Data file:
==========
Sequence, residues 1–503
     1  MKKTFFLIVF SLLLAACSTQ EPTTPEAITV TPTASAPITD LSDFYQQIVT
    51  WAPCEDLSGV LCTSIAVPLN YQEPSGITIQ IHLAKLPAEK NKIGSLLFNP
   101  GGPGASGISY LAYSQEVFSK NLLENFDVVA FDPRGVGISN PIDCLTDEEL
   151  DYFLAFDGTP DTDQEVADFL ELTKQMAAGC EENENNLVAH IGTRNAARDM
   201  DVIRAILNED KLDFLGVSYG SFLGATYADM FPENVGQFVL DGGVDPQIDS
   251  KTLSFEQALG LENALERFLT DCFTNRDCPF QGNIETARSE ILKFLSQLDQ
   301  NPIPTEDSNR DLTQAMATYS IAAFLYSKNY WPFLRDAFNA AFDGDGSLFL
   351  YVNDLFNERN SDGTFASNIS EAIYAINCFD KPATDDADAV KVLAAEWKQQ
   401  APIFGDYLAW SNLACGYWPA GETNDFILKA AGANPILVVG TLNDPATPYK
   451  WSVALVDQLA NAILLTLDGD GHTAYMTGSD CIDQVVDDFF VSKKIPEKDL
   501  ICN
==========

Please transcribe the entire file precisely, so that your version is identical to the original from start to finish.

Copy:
Sequence, residues 1–503
     1  MKKTFFLIVF SLLLAACSTQ EPTTPEAITV TPTASAPITD LSDFYQQIVT
    51  WAPCEDLSGV LCTSIAVPLN YQEPSGITIQ IHLAKLPAEK NKIGSLLFNP
   101  GGPGASGISY LAYSQEVFSK NLLENFDVVA FDPRGVGISN PIDCLTDEEL
   151  DYFLAFDGTP DTDQEVADFL ELTKQMAAGC EENENNLVAH IGTRNAARDM
   201  DVIRAILNED KLDFLGVSYG SFLGATYADM FPENVGQFVL DGGVDPQIDS
   251  KTLSFEQALG LENALERFLT DCFTNRDCPF QGNIETARSE ILKFLSQLDQ
   301  NPIPTEDSNR DLTQAMATYS IAAFLYSKNY WPFLRDAFNA AFDGDGSLFL
   351  YVNDLFNERN SDGTFASNIS EAIYAINCFD KPATDDADAV KVLAAEWKQQ
   401  APIFGDYLAW SNLACGYWPA GETNDFILKA AGANPILVVG TLNDPATPYK
   451  WSVALVDQLA NAILLTLDGD GHTAYMTGSD CIDQVVDDFF VSKKIPEKDL
   501  ICN